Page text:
Once upon a time, later life was when we were able to ‘let it all go’ but now we know that there are a ton of brilliant reasons to keep fit and well throughout our lives.
Exercise releases endorphins and helps manage Serotonin. With an increasing number of older women taking anti-depressants, it is worth knowing that half an hour of exercise a day, done early in the morning can be as effective in managing moderate symptoms as SSRIs.
Improved bone density:
Once we hit menopause our bone density decreases leaving us at risk of fractures and reduced movement. However, it has been found that weight-bearing activities can dramatically improve your bone density.
All exercise is not equal though. Jumping 10 to 20 times a day with 30 seconds of rest between each jump provides greater bone-building benefits than running or jogging, according to research out of Brigham Young University, in Provo, Utah.
Even if you’ve never worked out, a programme of weight lifting 2 – 3 times a week can transform your bone density. See a professional and don’t worry about bulking out – you won’t.
Heart and Blood Health:
The American Heart Association recommends 30 minutes of moderate activity, five times a week to reduce the risks of heart attacks and strokes associated with ageing. It also helps to lower levels of bad cholesterol in the blood, although researchers are entirely sure why.
Not only is exercise a great mood booster, there is research to suggest it can help manage the symptoms of dementia significantly. A recent study found that focused workouts like Tai Chi, for example, helped dementia sufferers improve cognitive function, so were able to manage tasks that maintain independence like dressing, using the toilet and cooking, for much longer.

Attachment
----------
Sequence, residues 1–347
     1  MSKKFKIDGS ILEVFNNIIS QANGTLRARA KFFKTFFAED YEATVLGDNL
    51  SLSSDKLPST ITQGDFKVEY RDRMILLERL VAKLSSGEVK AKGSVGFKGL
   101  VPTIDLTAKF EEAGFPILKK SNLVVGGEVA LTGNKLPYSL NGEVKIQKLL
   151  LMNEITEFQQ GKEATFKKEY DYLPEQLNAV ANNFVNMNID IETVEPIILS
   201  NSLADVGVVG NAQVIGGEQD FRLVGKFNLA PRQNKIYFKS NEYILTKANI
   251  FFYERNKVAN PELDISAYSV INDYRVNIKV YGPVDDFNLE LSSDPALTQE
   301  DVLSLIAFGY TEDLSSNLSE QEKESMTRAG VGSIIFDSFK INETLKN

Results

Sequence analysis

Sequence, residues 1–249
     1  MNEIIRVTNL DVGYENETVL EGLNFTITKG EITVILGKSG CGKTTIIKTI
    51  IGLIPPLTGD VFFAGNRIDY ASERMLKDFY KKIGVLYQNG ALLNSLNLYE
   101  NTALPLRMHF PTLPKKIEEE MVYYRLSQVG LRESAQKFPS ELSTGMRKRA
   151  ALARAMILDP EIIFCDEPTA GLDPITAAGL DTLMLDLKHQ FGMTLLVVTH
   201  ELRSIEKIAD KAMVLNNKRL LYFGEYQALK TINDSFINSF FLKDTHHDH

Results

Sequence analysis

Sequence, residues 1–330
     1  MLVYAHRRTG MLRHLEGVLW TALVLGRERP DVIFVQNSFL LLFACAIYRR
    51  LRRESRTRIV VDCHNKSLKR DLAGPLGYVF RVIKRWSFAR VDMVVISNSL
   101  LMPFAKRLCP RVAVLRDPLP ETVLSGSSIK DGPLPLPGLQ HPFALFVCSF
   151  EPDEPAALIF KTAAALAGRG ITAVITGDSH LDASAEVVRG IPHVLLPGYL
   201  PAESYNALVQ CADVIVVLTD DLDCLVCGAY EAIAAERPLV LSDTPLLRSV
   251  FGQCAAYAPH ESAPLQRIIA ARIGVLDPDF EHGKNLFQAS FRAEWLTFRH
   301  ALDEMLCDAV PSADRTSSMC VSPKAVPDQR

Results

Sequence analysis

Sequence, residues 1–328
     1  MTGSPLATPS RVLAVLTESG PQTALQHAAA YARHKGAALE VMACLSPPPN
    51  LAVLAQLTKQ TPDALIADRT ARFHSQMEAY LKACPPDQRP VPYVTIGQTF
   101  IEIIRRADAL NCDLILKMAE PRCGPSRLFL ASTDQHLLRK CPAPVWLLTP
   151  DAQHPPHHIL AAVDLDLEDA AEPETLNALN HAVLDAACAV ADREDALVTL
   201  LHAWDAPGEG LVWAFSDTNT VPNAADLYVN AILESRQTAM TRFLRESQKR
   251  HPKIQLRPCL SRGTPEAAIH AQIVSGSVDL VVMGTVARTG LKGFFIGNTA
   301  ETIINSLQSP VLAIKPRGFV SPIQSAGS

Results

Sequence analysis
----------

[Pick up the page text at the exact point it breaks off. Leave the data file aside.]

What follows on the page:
Given that loneliness is considered as deadly as smoking, it makes sense that exercise would be an antidote. Workout classes surround you with people, take your mind off worries and keep you fit. You could join a walking club, a Zumba class, martial arts, or whatever you enjoy. Being fitter will also help you feel more confident in yourself, making meeting new people less intimidating.
Contrary to popular belief you don’t have to gain weight during menopause, although ageing does make it harder to shift belly fat. Strength training is great for declining muscle mass and yoga is known for being excellent at managing hot flashes, mood swings and concentration issues.
Managing Type 2 Diabetes:
People with type 2 diabetes have too much glucose in their blood, either because their body doesn’t produce enough insulin to process it, or because they have become insulin resistant.
In both cases, exercise can reduce the glucose in your blood. Muscles can use glucose without insulin when you’re exercising. In other words, it doesn’t matter if you’re insulin resistant or if you don’t have enough insulin: when you exercise, your muscles get the glucose they need, and in turn, your blood glucose level goes down.
If you’re insulin resistant, exercise makes your insulin more effective, because insulin resistance goes down when you exercise, letting your cells use glucose more effectively.
There you have it. Even if you’ve never worked out and feel totally self-conscious there’s something you can do to feel better – walking, running, yoga, dancing, keep fit videos, martial arts – age is no barrier to trying any of them.
The NHS suggests you need 150 minutes of moderate activity and two sessions of strengthening exercise a week – what you choose is up to you. Just make sure to have a check with your doctor before beginning a new regime and away you go!